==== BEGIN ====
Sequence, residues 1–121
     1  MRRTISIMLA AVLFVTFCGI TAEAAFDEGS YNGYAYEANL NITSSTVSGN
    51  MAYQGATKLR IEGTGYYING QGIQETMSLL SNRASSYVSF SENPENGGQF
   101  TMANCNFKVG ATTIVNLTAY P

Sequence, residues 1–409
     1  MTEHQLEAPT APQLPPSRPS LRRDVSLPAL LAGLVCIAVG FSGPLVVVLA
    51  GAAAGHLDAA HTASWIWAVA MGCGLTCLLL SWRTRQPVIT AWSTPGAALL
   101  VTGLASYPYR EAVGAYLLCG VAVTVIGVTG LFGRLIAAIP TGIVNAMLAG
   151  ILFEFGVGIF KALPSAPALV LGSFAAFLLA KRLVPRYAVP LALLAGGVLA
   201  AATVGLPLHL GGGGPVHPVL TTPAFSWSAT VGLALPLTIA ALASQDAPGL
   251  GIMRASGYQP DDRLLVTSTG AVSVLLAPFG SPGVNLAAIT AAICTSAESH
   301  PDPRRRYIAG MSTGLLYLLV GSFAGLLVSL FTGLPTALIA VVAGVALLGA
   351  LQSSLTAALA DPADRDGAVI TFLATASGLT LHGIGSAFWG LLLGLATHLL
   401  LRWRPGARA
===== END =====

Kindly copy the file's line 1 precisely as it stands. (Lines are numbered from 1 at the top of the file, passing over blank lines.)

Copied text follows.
Sequence, residues 1–121